Architecture and games.
Ten years is a long time. Well, not really. It’s only a long time if you’re thinking ahead rather than looking back. In any case, I was just finishing up my last year in college ten years ago. Since I went on to graduate school and then became an archaeologist, you’d probably assume that I hung out in the library or something, but I actually spent most of my time at the gym. When I wasn’t out partying. Try not to judge me just yet because there’s really nothing new about any of this.
The equivalent of college in ancient Greece was the gymnasium. They actually spelled it something like gymnasion, but I won’t trouble you with any tricky pronunciation, so I’m just going to stick with gymnasium. The word comes from gymnos which means naked. People would undress in changing rooms called apodyteria before covering themselves with oil and then scraping off most of the fluid into a bowl using a stlengis, basically the ancient equivalent of hitting the showers. Apart from the apodyteria, gymnasiums had elaborate baths and some even had small stadiums attached to them. The main part of a gymnasium was an open courtyard surrounded by colonnades with adjoining rooms for each type of exercise called a palaestra. There were typically some covered porticoes in the area for practice in poor weather conditions.
Similar to most colleges around the world today, gymnasiums in ancient Greece were public institutions where young adults were offered various forms of training. This covered both mind and body. The administration was carried out by officials called gymnasiarchoi and the actual instruction was entrusted to people known as gymnastai. While the former were essentially deans, the latter were somewhere in between coaches and professors. They definitely cultivated sports like running and wrestling, but students also attended lectures on a variety of different topics including philosophy, literature and music. Sounds a lot like my own college. I can remember bouncing around between classrooms before lifting weights or spending some time on a treadmill at the gym. I tried to make the football team, but wound up washing out at the last minute, much to the disappointment of my grandfather, a professional hockey player back in the day. We can’t all be like the wrestler Dioxippus who managed to be crowned victor at Olympia by default because nobody stepped up to challenge him on account of his incredible strength.
The people of ancient Greece drew a close connection between health, fitness and education. The result was that gymnasiums came to be associated with medicine, so gymnastai wound up being more than just coaches and professors. They were also doctors. In addition to honing their skills at sports and teaching them to appreciate literature, the gymnastai looked after the overall wellbeing of their students, prescribing them remedies whenever they pulled a muscle or caught a cold. They even performed minor surgeries and reset broken bones. I’ve thankfully been a healthy person, so I haven’t needed much in the way of medical attention over the years, but I made frequent visits to the kinesiologist back when I was in college. They actually had a couple of them on staff right at the gym. I guess that Pheidippides really should have announced the victory at Marathon by running to the gymnasium instead of collapsing on the steps of a legislative building known as the bouleterion. The runner might have lived to see another day.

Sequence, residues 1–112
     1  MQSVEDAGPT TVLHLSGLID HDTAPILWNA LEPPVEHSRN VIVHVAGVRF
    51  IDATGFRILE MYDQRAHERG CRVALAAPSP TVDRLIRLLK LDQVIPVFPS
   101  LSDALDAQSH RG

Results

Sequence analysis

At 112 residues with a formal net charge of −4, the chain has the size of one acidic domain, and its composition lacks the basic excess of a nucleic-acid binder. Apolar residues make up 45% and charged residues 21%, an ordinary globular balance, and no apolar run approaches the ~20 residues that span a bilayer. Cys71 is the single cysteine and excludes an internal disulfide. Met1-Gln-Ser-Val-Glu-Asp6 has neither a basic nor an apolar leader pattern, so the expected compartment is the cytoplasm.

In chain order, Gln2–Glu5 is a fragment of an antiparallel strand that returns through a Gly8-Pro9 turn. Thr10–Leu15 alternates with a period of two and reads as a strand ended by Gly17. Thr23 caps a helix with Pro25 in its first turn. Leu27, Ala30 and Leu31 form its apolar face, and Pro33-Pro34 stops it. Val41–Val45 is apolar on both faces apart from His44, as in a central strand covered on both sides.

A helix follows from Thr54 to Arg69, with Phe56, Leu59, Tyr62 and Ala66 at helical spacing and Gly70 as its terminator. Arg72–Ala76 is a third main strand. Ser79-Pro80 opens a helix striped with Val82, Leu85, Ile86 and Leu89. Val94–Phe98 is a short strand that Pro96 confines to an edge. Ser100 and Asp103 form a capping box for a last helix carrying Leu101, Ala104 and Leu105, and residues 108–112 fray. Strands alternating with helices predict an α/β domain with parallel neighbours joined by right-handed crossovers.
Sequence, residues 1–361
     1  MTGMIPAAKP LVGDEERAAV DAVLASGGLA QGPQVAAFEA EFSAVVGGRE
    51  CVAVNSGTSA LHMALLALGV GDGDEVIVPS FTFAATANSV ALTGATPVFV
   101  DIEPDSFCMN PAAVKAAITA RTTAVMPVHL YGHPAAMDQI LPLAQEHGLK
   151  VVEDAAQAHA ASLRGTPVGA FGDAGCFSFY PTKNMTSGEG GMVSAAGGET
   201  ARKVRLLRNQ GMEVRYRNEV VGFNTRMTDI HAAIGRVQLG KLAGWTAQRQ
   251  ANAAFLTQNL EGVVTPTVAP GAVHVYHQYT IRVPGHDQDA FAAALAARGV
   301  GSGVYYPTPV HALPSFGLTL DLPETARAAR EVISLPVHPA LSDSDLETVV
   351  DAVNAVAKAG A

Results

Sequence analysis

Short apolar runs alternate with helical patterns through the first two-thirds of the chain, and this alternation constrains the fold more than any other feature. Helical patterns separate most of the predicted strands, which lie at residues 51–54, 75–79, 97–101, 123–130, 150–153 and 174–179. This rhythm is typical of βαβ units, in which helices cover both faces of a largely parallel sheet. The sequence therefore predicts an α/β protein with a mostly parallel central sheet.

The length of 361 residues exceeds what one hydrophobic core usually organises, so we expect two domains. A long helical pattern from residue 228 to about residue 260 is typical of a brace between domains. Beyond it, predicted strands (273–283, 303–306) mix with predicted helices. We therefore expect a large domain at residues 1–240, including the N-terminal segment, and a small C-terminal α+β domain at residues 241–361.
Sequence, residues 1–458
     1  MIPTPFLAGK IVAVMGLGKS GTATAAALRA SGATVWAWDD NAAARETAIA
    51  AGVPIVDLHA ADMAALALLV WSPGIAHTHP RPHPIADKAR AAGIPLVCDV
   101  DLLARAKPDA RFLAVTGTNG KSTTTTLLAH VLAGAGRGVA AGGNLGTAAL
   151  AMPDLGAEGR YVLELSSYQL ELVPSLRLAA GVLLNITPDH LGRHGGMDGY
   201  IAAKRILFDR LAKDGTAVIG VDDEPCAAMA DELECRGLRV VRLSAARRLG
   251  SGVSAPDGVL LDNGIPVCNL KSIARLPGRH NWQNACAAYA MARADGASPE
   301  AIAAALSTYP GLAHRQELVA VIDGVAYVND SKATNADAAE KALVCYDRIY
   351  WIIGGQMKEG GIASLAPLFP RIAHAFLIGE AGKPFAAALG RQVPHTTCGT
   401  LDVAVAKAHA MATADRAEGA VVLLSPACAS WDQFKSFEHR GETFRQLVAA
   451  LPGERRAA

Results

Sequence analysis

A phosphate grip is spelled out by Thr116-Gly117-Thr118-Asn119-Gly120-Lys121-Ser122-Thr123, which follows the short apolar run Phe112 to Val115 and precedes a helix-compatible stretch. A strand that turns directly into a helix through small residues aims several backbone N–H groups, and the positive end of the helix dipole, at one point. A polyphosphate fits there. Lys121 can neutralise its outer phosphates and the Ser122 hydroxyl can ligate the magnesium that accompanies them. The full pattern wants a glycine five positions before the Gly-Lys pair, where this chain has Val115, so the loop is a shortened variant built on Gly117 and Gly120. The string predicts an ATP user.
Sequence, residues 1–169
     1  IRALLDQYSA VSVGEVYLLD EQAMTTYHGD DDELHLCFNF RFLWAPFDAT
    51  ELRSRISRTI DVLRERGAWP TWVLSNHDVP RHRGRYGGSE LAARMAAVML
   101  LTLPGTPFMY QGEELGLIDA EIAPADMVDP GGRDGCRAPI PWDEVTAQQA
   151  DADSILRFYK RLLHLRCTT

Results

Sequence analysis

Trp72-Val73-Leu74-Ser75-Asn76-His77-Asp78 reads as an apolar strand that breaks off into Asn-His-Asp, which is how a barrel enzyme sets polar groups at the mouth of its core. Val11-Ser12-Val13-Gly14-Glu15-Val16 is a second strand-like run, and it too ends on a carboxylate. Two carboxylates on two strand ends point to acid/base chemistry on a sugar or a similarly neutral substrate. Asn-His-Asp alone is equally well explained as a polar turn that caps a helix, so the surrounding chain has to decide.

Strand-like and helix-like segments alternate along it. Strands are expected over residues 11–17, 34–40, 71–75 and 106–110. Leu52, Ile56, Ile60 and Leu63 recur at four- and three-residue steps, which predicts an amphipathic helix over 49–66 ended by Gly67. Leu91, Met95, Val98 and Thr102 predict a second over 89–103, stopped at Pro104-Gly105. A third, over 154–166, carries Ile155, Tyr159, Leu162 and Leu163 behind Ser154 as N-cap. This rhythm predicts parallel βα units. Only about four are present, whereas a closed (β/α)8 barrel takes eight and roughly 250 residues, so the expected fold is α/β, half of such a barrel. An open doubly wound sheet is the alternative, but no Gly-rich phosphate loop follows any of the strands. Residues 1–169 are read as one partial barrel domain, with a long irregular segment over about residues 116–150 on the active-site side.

Students these days are well known for their extracurricular activities like bar hopping and pulling pranks. The situation wasn’t any different in ancient Greece. They started going to gymnasiums when they were basically just kids, but when they got a little bit older, students developed social relationships that often lasted a lifetime. They also had legendary drinking parties. Athens for example was filled with a type of statue known as a herma which consisted of a head on a squared lower section featuring a pair of male genitals. The guilty parties remain a mystery, but on a seemingly random night, the genitals were chipped away from every single herma in Athens. The blame was pinned on a certain Alcibiades, but in the absence of any real evidence, I prefer to think that it was drunken revelers. While I could tell you some stories of my own, I’d rather not be on the record, so I’ll have to leave you hanging. I promise that I have absolutely nothing to hide. I just don’t want to be exiled to Sparta like Alcibiades.
Ten years might not be a long time when you’re looking back, but it’s enough to reflect on the course of your life. How did I end up here? I could have been somebody. I could have been a contender. Maybe if I spent more time at the library back when I was in college I’d have gotten a better job and been able to afford a house or something. Maybe. But I didn’t. Similar to everyone else, I’m in many ways a prisoner of the past.
I kind of doubt that reading more books would have changed much, but it remains true that I have to accept the consequences of my decisions. The fact of the matter is that I started out ahead of many other people, though. I at the very least got to go to college. Head to the gym. Spend time at parties. Lots of people have needed to struggle just to gain anything at all. I think it’s worth remembering that privilege is a real thing when we look back on our accomplishments even when they’re nothing special. Maybe most of all when they’re nothing special.
Justin Reeve is an archaeologist specializing in architecture, urbanism and spatial theory, but he can frequently be found writing about videogames, too. You can follow him on Twitter @JustinAndyReeve.